Hardly a satellite campus
A recent Life story (“Vern Express supervisor keeps shuttles running smoothly,” Feb. 2, p. 1) described GW’s Mount Vernon Campus with a phrase about which many readers probably didn’t think twice: “satellite campus.” The Mount Vernon Campus is not a satellite campus; it is a fully integrated part of GW’s main campus. Having worked and lived at Mount Vernon, I recognize that it has a different culture than the area centered around 22nd and G streets, but Mount Vernon provides me with virtually all the facets of Foggy Bottom, even as a junior who visits The Vern to read, walk, eat and relax.
Corbb O’Connor, Junior
SA is an unnecessary organization
The “scandals” before the Student Association remind us what happens when the line gets blurred between real life and make-believe. In 2006, we considered a campaign to abolish the SA. But being seniors, it was too late to begin the process. The SA’s only purpose is to stroke the egos of a few wannabe politicians who think they are real senators. With little authority beyond allocating funds for student organizations, the personalities in the SA engage in petty squabbles surrounding meaningless resolutions that do not improve the lives of students. Strike that, we mean “constituents.” We concur with former “Chief of Staff” Greta Twombly that her position was “pointless” after her relationship with Aswani deteriorated. But, her position, like others, was always pointless. We are also shocked that the “president” has a “deputy chief of staff.” Are you joking? What purpose could it possibly serve?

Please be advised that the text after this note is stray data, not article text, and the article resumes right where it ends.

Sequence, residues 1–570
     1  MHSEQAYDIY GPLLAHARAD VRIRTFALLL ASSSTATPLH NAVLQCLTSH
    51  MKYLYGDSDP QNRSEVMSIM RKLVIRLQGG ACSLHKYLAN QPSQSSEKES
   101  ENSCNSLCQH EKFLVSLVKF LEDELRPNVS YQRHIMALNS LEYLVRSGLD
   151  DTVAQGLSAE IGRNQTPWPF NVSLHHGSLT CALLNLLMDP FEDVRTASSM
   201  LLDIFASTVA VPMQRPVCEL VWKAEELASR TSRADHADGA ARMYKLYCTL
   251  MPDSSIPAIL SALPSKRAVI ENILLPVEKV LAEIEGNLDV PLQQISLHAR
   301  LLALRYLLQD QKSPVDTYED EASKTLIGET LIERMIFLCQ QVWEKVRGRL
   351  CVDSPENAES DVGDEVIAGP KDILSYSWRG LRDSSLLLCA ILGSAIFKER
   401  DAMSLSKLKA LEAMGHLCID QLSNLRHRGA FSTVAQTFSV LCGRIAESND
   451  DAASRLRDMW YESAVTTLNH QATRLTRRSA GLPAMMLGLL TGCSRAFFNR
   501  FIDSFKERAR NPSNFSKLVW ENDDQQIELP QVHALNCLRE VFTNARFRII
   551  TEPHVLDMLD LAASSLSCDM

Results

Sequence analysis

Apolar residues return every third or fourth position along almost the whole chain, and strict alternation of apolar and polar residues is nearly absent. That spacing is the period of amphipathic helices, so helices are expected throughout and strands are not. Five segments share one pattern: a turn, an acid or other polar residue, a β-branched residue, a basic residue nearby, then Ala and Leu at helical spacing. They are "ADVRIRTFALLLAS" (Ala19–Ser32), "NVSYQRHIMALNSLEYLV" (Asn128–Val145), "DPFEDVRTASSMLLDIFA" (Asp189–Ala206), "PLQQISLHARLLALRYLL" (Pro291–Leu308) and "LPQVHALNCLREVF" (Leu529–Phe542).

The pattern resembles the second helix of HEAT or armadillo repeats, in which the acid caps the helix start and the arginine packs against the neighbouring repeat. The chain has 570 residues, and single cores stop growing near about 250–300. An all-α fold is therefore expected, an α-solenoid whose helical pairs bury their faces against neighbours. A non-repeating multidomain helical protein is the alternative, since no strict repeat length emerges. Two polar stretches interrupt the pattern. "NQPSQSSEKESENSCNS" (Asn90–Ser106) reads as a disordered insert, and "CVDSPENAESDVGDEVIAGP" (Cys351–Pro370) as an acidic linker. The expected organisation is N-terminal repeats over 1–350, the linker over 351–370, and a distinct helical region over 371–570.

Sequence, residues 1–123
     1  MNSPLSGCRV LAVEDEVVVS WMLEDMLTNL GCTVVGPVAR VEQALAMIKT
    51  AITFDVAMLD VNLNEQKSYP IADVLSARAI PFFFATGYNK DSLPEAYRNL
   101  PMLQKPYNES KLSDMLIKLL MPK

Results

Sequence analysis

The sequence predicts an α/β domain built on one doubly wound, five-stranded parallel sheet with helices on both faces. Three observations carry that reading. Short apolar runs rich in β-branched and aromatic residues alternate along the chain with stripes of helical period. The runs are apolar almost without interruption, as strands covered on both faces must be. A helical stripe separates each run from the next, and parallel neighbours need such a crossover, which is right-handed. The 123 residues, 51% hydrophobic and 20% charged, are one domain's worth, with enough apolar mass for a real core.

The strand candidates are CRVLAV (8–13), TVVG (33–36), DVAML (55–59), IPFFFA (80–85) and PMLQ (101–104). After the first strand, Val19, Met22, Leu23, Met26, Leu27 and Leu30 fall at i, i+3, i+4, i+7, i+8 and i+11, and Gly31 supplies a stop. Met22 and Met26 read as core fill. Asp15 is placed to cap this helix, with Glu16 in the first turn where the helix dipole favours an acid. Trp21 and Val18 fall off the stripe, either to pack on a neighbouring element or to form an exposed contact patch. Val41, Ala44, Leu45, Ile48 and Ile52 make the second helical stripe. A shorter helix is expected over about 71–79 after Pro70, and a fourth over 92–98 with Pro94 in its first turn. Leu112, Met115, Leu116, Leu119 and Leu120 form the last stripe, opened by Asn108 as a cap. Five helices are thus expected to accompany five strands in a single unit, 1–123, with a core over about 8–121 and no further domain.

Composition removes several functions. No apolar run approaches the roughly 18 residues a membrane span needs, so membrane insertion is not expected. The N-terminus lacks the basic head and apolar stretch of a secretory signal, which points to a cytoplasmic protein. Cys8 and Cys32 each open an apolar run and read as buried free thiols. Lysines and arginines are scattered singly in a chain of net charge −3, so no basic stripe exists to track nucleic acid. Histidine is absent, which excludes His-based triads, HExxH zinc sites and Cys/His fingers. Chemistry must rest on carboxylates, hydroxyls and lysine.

The SA has one important role: allocating funds to student organizations. If we were not about to graduate three years ago, we would have suggested replacing the SA with an elected committee of students to disperse money. This committee would serve without titles and other trappings of “elected office.” There would be no bylaws that are 77 pages long and the SA’s overhead costs would go to student groups. Any good the SA could do is best done by creating student organizations focused on particular issues. For example, concerned students could form a group to create the test-bank.
We write this to concerned students who believe GW deserves better than the childish tantrums our “leaders” throw every year. We see it in the departure of “senior officials” from the Aswani “administration.” As undergraduates, we saw the attempted impeachment of an SA president, expensive SA transition dinners (how much do they cost?) and the appearance of buying election endorsements with SA funds. We ask GW undergraduates to abolish the SA and create a “drama-free” committee to allocate funds. We’re not lawyers or anything, but start by consulting the SA “Constitution” Article VIII.
Eric Jesse and Michael Calantone, Alumni, Class of 2006